Your mother said it's good to try new things, and Kate Atkinson took this advice to heart. Her first book, Behind the Scenes at the Museum, was a multigenerational tale, garnering her a Whitbread Award. It was a straight-ahead story, messy with details and family trees, and it was good.
For the short story collection Not the End of the World, Atkinson leaps into the nonlinear, dipping a toe into magic surrealism. And it's good. The change is a courageous move, and it works -- these stories are witty and sad, astounding and unreal. Atkinson creates her own mythology with a steady line of characters who are loosely linked to one another. Replicating real life, the action is in the periphery.
In the opening story, "Charlene and Trudi Go Shopping," we find our two titular protagonists wandering through stores, pondering what to buy. Charlene talks endlessly and hypnotically about what she would like to buy, where she would like to be -- wonderful, impossible things told in exquisite detail. When Trudi opines that she would like to have a cat, Charlene disagrees. She wants a singing fish:
"A fish that sings and has a magic ring in its stomach. A huge carp that is caught in a fishpond -- usually at a royal court somewhere -- and cooked and served at the table and when you bite into the fish you find a magic ring. And the magic ring will lead you to the man who will love you. Or the small white mouse which is the disguise of the man who will love you."
Trudi is unimpressed. She points out, "That would be a rodent then."
As the story continues, and as our gals go on -- buying little and chatting incessantly -- tiny details emerge. While Trudi ponders soaps and honeys and Charlene thinks about the article she has to write for a bridal magazine, "Ten Things to Consider Before Saying 'I Do'" ("Saying 'I don't'?" Trudi suggests), things are going very wrong. As they shop, bombs detonate in the distance. As they sleep, they keep Sig Sauer semiautomatics under their pillows. The world is ending around them.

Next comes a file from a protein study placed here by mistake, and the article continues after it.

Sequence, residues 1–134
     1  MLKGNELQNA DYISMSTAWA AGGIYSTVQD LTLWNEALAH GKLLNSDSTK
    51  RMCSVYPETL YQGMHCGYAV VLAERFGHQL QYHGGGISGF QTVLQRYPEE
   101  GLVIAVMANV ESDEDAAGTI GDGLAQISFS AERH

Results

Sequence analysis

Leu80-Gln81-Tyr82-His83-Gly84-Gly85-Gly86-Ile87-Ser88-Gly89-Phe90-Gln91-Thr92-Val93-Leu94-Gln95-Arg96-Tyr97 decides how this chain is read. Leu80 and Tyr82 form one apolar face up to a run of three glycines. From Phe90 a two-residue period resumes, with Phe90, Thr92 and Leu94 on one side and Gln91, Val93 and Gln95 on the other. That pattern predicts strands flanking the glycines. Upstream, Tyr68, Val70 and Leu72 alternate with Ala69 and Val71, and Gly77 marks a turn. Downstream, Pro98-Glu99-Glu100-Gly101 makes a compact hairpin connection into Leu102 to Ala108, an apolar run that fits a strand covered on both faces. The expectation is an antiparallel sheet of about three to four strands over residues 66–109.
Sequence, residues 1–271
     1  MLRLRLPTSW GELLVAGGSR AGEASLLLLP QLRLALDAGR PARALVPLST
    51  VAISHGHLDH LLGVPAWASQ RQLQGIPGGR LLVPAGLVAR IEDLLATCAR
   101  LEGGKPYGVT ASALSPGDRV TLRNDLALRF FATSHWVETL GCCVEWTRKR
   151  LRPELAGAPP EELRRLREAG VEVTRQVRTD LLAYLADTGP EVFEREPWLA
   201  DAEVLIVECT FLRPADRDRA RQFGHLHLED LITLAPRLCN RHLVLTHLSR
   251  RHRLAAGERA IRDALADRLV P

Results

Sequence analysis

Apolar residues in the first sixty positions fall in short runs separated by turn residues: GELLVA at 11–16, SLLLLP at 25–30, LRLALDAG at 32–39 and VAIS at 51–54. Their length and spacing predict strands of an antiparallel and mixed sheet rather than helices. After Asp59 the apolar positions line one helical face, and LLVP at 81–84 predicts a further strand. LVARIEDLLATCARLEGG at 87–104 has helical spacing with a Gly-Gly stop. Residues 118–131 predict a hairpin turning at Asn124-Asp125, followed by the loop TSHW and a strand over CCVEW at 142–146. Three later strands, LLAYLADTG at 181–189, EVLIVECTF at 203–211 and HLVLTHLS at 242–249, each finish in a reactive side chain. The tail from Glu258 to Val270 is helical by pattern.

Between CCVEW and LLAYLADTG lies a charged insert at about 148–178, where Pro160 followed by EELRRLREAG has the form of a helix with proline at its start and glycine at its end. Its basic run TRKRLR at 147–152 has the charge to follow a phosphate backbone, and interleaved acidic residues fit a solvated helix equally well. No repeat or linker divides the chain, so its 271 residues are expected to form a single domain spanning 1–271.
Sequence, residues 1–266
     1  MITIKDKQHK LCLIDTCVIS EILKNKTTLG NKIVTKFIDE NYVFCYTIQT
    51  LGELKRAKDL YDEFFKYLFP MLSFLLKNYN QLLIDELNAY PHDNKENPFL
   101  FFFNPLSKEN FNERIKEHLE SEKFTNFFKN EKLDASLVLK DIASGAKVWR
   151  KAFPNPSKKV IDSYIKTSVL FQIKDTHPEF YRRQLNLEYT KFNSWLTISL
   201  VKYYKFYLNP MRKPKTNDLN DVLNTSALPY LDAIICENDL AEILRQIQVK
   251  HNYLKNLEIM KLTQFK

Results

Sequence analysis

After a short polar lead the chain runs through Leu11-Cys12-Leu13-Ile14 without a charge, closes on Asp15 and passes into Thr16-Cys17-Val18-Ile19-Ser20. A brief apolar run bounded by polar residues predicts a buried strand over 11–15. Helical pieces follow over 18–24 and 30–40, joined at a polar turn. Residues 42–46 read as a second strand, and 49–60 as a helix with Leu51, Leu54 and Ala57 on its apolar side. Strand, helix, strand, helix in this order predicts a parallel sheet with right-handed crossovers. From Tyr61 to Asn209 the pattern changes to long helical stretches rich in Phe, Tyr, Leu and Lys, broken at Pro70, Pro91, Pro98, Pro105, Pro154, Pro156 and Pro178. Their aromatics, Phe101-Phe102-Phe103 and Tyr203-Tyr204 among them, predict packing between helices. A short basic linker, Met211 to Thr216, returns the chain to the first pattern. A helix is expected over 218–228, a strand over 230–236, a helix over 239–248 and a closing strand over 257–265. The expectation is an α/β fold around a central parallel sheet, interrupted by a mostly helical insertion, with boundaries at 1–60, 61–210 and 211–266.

Like most of us, these people wish for better things, better lives. Charlene and Trudi shop amid an apocalypse, when all they really want is for life to go on. Trudi lists the names of products as if they were talismans against danger. Likewise Eddie, the 12-year-old boy in "Tunnel of Fish," who may be a product of his mother's liaison with a water god, finds that "When he incanted the gorgeously impenetrable names of fish ... Eddie felt like a sorcerer."
And so it goes. In "Unseen Translation," another young boy, the neglected son of a starlet, has a governess that may just well be a goddess. Poor, dull Fielding from "Evil Doppelgngers" finds out that a wild and reckless version of himself has been incarnated -- and is having a far better time than he. "Transparent Fiction" introduces the Zane family, a set of sisters so healthy and beautiful, so stereotypically American that they're referred to as "a domestic assembly line that could have rivaled Ford." Heir to this clan of Pleiades is Meredith, who, bored with life and uninspired by her own self, amazes everyone when she seizes the opportunity for immortality.
Atkinson's tales and fables create an amazing world. As she often points out, every morning Eosphorus, the morning star, wakes his mother Eos, the dawn. Just as assuredly, she has created stories in which every day celebrates the creations and ends of worlds, both literal and personal.
-- Kara Luger
Not the End of the World by Kate Atkinson (Little, Brown: New York) $23.95/hardcover